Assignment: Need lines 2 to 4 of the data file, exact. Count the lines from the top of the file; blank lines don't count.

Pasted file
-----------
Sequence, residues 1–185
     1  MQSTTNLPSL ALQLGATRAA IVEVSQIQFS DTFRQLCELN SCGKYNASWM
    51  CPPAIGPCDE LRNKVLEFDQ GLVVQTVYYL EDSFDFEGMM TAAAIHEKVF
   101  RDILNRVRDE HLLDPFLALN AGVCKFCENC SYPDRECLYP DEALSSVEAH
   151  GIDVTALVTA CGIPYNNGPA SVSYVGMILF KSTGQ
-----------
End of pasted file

     1  MQSTTNLPSL ALQLGATRAA IVEVSQIQFS DTFRQLCELN SCGKYNASWM
    51  CPPAIGPCDE LRNKVLEFDQ GLVVQTVYYL EDSFDFEGMM TAAAIHEKVF
   101  RDILNRVRDE HLLDPFLALN AGVCKFCENC SYPDRECLYP DEALSSVEAH